El Escorial, Alcalá de Henares and Aranjuez share a common denominator: they are all recognized as World Heritage Sites by UNESCO and fall within the Region of Madrid.
If there is something Madrid can boast of, it is bringing together a wide array of leisure, history and culture ready to receive tourists hungry for experiences, qualities that are epitomized at these three locations recognized by UNESCO as World Heritage Sites.
A mere 20 minutes from Spanish capital, visitors can step into Spain’s literary Golden Age at the birth place of Miguel de Cervantes.
Alcalá de Henares, declared a World Heritage City in 1998, promises a literary-filled day among its streets, museums and local flavors.
There are many emblematic spots there, such as Cervantes Birth House at the medieval Calle Mayor, which recreates the ambiance in which the Don Quijote writer grew up.
Visitors can see a large collection of furniture, ceramics, engravings and paintings from that era, as well as a bibliographic archive of the 16th and 17th centuries.
Also essential is a visit to the University of Alcalá, discovering the Corral of Comedies theater in Plaza Cervantes – which is the oldest in Spain, according to Alcalá’s tourism office – or the Regional Archaeological Museum, inaugurated in 1999.
The municipality of San Lorenzo de El Escorial has, as part of its offerings, a monastery with the same name, which was declared a national monument of historic interest in 1931 and a UNESCO World Heritage Site in 1984.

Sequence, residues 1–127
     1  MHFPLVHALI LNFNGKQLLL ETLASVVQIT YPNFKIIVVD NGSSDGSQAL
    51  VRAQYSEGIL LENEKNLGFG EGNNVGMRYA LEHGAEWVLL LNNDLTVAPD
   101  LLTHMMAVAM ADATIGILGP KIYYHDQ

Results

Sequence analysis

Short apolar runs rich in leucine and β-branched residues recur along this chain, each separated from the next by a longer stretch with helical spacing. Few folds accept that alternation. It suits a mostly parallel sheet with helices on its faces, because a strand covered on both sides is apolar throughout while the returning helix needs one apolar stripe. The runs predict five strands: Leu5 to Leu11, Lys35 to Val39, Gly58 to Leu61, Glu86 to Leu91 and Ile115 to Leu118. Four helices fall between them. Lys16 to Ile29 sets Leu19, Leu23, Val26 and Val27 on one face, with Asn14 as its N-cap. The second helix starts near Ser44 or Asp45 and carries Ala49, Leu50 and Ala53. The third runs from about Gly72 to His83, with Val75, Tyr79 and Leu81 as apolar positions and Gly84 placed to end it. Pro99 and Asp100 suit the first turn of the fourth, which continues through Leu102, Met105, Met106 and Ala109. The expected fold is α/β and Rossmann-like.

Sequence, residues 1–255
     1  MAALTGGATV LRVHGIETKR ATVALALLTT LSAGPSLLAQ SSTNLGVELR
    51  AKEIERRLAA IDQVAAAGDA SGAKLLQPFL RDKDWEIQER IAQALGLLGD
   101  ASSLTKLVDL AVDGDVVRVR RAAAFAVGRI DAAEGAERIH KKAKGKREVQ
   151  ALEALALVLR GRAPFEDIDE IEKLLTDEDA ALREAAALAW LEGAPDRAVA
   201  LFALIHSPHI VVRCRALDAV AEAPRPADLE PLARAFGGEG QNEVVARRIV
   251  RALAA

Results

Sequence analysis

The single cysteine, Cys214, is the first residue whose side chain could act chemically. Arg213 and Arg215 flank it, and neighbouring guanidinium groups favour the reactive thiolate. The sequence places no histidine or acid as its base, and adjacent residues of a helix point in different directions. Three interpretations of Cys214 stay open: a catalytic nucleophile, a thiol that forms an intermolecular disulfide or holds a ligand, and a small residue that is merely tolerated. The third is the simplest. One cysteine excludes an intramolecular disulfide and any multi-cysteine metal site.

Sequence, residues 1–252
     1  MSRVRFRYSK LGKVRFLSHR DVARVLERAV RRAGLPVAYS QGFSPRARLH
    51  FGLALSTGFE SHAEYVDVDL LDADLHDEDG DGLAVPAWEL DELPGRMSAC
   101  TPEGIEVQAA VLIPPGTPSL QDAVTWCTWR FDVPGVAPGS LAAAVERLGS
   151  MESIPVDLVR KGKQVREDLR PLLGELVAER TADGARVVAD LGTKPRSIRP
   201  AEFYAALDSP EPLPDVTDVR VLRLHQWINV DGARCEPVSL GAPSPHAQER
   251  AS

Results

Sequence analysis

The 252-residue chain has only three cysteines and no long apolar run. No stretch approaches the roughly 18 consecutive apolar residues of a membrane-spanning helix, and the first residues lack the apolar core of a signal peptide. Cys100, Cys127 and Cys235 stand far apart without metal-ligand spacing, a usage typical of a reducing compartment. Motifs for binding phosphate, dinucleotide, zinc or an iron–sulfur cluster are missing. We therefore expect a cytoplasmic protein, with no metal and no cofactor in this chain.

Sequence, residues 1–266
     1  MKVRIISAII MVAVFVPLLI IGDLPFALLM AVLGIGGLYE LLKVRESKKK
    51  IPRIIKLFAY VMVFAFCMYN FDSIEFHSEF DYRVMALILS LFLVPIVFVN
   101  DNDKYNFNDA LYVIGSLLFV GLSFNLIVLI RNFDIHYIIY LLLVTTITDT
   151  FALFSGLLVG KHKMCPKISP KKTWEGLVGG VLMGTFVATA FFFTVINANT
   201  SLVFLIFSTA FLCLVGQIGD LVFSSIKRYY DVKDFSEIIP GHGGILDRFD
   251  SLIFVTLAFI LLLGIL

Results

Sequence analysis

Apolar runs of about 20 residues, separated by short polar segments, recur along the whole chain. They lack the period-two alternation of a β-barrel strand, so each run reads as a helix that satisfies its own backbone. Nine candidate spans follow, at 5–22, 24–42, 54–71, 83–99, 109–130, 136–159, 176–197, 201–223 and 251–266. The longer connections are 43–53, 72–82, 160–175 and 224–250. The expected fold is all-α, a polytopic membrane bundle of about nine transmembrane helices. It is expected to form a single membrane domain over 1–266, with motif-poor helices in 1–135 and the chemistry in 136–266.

The complex, nestled in the foothills of the Guadarrama mountain range, was built between 1563-1584 under King Felipe II.
Inside are treasures such as the rooms of the Palace of the Austrians and the Palace of the Bourbons, a library with over 6,000 manuscripts, the Courtyard of the Kings, the Pantheon of the Kings and the Friars’ Garden. Not to mention the basilica, designed by Juan de Herrera, which is one of the jewels of Spanish Renaissance architecture.
The mountain has other attractions too, such as houses and buildings from the 16th and 18th centuries designed by Juan Villanueva, the leading exponent of Neoclassical architecture in Spain and the architect behind the Royal Site of San Lorenzo de El Escorial.
The route continues to Aranjuez, which was the last to be declared a World Heritage Site by UNESCO.
It was recognized as a World Heritage Site in 2001, thanks to its art and natural surroundings.
Located on the banks of the Tagus river, it was chosen by the Bourbons to set up their spring residence, which is why the Royal Palace and Gardens of Aranjuez are among the most valued monuments of the municipality.
Besides the Herrera-style construction, in which Baroque pieces such as porcelain or paintings feature, there are the palace gardens, which leave a beautiful stamp of chromatic nuances designed through canals, bridges and a wide variety of plants.